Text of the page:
5. Assess usage statistics
What ‘usage statistics’ are you getting, and are they reliable and meaningful? Internet jargon can be confusing, but an important distinction to make is the difference between ‘hits’ and ‘page impressions’. A web page is made up of many individual elements – HTML and graphics files – and sometimes people add up all these files to give a total number of ‘hits’ on a site. Best to talk about page impressions – a whole web page counted as one – or ‘unique users’, which just counts the number of visitors no matter how many pages they download. For any ecommerce site, though, it’s the orders taken that count. What conversion rate do you have on-site? Just as any shop owner would worry that thousands are coming through his shop and few are buying, so you need to know which items and pages are successful and which aren’t.

6. Optimise your site for speed
Have your designers optimised your site for ease of use and, above all, speed? Good web designers will ensure that all graphics are compressed in such a way as to help speed up the download and display of pages. Remember too that most of your customers won’t have fast modem access, so bear this in mind when you’re being given a demo of your site. It may look great on a high-speed ADSL or leased line connection, but will look very slow and cause frustration to those users (possibly millions of them in the UK) who still use old 28K modems.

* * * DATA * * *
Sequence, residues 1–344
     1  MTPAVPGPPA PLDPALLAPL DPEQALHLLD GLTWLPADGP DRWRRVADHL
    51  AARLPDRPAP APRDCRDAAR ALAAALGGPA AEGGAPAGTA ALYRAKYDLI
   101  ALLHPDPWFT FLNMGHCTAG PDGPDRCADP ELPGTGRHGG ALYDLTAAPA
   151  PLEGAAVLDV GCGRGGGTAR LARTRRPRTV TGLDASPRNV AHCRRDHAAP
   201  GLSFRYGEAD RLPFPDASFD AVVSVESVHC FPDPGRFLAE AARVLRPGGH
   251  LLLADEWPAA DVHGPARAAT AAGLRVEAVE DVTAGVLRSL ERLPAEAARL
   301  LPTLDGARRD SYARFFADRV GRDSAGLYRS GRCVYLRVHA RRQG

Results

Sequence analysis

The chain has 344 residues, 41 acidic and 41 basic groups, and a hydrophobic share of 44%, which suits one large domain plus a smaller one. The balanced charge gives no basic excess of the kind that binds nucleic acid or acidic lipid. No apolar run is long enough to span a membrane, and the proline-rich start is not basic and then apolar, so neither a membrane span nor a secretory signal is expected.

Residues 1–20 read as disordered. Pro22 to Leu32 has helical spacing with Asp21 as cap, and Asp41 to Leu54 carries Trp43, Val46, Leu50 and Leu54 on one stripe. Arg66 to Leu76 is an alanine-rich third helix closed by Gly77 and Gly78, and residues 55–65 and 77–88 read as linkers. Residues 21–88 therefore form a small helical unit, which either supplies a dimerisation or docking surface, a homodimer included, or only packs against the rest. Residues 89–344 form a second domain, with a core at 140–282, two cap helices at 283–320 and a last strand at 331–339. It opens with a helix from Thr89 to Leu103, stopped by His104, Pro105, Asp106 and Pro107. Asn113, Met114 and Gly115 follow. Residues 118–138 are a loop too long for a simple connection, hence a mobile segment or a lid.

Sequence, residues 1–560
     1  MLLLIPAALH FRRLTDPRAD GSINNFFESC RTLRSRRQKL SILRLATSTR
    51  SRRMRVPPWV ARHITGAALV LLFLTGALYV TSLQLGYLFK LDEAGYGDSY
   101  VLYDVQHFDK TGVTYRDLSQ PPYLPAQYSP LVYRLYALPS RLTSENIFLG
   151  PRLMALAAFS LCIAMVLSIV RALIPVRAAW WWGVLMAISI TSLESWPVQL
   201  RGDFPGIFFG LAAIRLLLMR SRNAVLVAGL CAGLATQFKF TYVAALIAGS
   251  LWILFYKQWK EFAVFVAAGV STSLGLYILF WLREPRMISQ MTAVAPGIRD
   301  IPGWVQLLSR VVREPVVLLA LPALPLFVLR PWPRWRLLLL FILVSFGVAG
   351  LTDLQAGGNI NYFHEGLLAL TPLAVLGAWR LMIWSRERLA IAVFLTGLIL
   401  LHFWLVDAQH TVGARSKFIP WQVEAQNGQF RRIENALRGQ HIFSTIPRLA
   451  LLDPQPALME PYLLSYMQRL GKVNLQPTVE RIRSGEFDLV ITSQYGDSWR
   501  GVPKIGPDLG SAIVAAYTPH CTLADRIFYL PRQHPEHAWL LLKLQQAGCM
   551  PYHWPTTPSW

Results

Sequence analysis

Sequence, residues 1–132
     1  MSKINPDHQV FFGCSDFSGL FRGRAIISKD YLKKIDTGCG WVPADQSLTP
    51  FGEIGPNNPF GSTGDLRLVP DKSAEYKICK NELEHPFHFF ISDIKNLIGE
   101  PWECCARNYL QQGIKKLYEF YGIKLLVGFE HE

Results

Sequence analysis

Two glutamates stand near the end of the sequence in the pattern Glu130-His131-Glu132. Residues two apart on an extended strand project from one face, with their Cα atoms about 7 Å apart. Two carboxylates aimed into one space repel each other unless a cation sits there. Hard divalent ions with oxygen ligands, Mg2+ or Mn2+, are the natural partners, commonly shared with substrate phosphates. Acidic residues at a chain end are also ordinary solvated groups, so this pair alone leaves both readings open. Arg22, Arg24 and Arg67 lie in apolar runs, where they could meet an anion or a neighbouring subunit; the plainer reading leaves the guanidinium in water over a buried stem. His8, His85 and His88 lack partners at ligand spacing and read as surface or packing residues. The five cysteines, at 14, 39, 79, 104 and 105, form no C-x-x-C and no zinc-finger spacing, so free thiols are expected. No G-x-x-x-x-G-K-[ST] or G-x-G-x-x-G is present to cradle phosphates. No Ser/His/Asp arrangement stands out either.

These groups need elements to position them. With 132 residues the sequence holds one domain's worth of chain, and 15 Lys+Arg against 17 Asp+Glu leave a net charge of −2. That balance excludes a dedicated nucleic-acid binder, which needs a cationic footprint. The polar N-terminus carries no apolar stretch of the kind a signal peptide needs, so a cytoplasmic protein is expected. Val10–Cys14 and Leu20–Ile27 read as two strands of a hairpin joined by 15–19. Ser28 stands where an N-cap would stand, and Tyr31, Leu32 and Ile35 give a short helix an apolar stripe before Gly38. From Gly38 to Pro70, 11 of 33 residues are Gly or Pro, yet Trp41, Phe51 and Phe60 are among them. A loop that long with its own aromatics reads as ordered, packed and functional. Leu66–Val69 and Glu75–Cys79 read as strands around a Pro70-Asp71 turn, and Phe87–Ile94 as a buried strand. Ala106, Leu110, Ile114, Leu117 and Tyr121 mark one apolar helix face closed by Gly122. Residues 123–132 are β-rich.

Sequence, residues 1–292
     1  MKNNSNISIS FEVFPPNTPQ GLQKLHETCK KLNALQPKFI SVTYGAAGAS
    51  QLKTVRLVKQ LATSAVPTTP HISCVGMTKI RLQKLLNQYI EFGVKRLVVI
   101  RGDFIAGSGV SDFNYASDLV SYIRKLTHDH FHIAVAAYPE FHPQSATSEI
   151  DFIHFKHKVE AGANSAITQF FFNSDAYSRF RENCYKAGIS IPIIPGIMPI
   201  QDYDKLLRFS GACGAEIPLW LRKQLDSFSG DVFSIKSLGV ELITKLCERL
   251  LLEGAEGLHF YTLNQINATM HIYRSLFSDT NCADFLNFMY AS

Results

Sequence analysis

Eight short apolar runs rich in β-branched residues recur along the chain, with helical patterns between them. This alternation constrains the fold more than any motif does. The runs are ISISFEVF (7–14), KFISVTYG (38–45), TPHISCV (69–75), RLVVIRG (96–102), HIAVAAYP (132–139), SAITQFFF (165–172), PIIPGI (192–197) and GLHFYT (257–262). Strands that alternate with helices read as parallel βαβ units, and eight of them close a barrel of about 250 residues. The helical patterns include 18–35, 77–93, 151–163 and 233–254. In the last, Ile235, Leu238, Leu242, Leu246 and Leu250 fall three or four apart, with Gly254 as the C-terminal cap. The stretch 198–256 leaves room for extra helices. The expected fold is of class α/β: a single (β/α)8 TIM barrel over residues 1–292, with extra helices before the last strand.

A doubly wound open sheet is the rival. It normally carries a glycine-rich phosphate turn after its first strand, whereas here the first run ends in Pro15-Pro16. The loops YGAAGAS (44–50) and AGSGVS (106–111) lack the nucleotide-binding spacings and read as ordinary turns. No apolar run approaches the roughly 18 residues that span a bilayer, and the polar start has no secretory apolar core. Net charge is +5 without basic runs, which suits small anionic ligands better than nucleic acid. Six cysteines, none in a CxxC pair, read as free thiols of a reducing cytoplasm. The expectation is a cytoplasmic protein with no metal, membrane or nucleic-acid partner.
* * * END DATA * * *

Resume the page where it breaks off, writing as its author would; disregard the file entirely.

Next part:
• The BBC news site makes use of extremely small sized graphics allowing the site’s pages to download quickly.
  • Internet service providers offer different levels of bandwidth to customers. Remember free ISPs may not cost much, but probably don’t offer the quickest access to your site – especially if it receives lots of hits. One of the fastest is

7. Design sites for all browsers
Are you cutting off potential customers because your site isn’t designed for their browser? There are two main browsers – Microsoft’s Internet Explorer (IE) and Netscape’s Navigator – and these come in many different versions. That means that whizzy graphics and tricks designed for the latest version of IE may not work on all the others. Quiz your web designer on multi-browser support, and ask to be demoed your site under both IE and Netscape. Also ask to see your site demoed under different screen resolutions. You can change the resolution of your monitor yourself by right-clicking on the Windows Desktop, selecting Properties and bringing up the Display Properties box. Selecting the Settings tab gives you options on the Screen Area – try a 640 x 480 pixel display. Your site may be un-navigable on that, yet some users are still accessing the internet through monitors set at this screen size.